I also went to grad. school.  I think of it as “diet grad. school” or “grad. school lite.”  Maybe sometimes “watered down grad. school.”  It was not as challenging as it should’ve been, but that’s the nature of the program, I think.  Grad. school was zero creative writing. 

Journals.  Oh, yes.  I have journals for days, people.  I think they are worthless and stupid, but when it comes time to dispose of them, my brain tells me not to do that.  My brain says I might someday want to relive the depression of adolescence.  I might someday want to revisit that abusive relationship that, essentially, went on for 6 years.  I might someday want to reminisce about the guy on whom I had a crush who now has an extensive criminal record, multiple children with multiple partners and no steady job.  My brain is ridiculous.  

However, in those journals there are good memories; happy memories.  I know they are there because I had good times as an adolescent and as an emerging adult.  There are also poems in those journals.  The majority are likely crap, that’s true.  But if there’s even one poem worth saving in all of those journals, I have to keep all those journals so I don’t lose that one page. 

I have kept a journal for years, but not always steadily.  There is much less poetry in the more recent journals.  More recent journals are fitness goals achieved, frustrations at work, relationship complications that I have to write out to resolve, travels, quotes, music shows…. Life.  It’s possible my more recent journals are more rambling because, instead of just whining and crying about an issue, I use journals to write out my feelings, write out the problem and brainstorm possible solutions.  I also use journals to hold small photographs, movie tickets, music show tickets, paper bracelets from music shows, stickers that won’t ever be stuck, small notes, etc.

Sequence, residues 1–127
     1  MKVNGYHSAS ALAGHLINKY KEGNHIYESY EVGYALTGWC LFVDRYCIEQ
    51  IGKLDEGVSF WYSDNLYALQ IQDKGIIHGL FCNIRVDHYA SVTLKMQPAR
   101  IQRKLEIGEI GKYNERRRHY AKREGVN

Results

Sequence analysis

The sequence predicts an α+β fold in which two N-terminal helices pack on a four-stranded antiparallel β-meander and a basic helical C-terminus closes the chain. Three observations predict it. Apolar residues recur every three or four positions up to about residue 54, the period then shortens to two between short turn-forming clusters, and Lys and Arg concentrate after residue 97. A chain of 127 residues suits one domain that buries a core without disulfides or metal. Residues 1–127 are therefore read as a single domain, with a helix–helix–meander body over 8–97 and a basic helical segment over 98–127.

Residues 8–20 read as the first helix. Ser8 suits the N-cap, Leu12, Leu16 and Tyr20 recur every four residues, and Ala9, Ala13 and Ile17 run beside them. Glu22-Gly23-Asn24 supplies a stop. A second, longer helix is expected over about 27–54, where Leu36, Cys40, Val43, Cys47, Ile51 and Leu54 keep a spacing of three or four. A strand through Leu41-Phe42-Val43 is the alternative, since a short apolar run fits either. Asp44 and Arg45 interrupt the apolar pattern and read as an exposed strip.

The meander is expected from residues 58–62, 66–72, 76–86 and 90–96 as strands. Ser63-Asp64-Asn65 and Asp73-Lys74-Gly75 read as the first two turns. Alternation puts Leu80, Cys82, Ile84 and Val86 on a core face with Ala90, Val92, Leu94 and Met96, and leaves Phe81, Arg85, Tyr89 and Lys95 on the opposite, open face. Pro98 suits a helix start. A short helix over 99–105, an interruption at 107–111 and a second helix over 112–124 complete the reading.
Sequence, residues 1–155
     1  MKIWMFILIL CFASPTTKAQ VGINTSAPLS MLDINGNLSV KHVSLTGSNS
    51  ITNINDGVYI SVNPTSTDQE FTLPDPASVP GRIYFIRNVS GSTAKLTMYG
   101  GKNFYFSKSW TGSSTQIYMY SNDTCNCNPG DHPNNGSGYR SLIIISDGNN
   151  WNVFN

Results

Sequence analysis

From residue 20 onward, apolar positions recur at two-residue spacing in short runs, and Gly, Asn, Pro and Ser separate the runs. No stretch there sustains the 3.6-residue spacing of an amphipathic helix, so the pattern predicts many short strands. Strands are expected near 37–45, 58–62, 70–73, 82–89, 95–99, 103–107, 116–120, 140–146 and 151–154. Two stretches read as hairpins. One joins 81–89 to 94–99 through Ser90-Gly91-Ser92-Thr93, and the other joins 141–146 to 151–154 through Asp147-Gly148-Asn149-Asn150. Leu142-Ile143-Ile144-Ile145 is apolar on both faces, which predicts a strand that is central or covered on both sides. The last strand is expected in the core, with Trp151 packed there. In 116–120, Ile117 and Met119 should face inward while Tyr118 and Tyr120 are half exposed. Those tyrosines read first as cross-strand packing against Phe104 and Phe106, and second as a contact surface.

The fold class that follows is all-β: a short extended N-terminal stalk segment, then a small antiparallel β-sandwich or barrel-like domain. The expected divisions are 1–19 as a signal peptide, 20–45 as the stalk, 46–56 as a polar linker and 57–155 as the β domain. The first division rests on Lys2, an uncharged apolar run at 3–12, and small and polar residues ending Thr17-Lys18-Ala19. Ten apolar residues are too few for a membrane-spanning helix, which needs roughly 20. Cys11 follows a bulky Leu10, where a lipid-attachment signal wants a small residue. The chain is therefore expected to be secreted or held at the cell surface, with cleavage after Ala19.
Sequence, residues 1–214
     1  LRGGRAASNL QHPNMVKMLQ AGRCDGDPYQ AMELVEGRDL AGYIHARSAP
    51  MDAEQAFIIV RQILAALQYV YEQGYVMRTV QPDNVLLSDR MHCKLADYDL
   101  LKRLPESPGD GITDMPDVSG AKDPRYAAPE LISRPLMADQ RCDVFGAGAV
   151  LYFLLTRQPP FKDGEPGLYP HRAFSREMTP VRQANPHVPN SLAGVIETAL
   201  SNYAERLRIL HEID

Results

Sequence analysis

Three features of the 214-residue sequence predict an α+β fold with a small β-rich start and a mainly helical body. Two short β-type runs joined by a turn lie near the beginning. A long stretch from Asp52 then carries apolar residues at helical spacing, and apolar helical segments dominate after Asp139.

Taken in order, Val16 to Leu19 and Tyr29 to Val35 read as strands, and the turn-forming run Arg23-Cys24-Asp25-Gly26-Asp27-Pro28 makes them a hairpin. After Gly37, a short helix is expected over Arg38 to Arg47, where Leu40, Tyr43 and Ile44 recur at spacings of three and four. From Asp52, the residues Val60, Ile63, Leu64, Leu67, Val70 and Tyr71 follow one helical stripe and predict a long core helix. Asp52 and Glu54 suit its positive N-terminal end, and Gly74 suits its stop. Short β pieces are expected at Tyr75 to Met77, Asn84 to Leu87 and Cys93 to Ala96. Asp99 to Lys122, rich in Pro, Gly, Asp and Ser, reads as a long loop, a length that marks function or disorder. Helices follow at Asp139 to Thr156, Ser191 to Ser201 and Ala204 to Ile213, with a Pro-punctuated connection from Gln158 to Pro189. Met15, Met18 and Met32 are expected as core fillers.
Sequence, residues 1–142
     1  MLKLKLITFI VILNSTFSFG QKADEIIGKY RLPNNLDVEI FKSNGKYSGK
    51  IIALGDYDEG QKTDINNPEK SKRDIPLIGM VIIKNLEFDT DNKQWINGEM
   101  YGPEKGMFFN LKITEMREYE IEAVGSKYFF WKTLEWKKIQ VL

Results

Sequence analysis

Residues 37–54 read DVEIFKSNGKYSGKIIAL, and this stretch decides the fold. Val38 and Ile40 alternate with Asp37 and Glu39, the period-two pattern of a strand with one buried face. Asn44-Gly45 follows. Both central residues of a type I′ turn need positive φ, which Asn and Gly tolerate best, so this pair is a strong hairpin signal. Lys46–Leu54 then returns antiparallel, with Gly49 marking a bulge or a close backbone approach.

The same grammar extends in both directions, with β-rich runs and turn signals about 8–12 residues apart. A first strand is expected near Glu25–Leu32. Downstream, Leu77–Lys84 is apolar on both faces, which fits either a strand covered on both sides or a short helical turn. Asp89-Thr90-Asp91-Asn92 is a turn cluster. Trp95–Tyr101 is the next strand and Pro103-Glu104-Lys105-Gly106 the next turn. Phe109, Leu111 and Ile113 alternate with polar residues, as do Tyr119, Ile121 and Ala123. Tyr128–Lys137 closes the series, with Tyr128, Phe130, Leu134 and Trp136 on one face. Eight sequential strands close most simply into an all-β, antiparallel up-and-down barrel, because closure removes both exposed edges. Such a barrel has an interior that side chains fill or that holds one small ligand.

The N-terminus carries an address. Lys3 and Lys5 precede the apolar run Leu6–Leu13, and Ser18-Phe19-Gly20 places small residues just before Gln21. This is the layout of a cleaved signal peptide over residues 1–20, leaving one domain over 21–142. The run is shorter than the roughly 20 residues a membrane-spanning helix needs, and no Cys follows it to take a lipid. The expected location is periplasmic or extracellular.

During our 2016 Marfa Adventure, Mr. Arber mentioned that Rainer Judd, Donald Judd’s daughter, carries a journal with her at all times.  Not long after that trip, I bought a Kelly green Moleskine that fits inside even my smallest purse.  In this journal, I am doing more jotting than I have done in the past – gift ideas for others, gift ideas for me, story ideas, lists of places visited during an adventure, etc.  It’s easy to get to, and I can expand on a topic later, if needed. 

I once kept an “online diary” at DiaryLand, which I don’t think exists anymore.  I know that was stupid.  That was during high school and college.  I don’t know who I thought I was.  I also previously kept a blog, around 2010 when I first moved to Texas.  I had high hopes for that.  I think a few entries were respectable.  It’s hard to say, because that was the end of my “conservative Republican hey day.” I can’t find that blog now, and I didn’t keep it up because I got wrapped up in building life in Texas. 

I have a few story ideas.  I have a project I plan to begin tackling before the end of 2017, which will involve A LOT of writing.  I would like to keep a blog – I mean really keep a blog – to document my project.  I expect the project to take no less than forever to complete and involve more travelling than I can actually afford.  Regardless of the documentation of the Project Adventure, I would just like to write sometimes.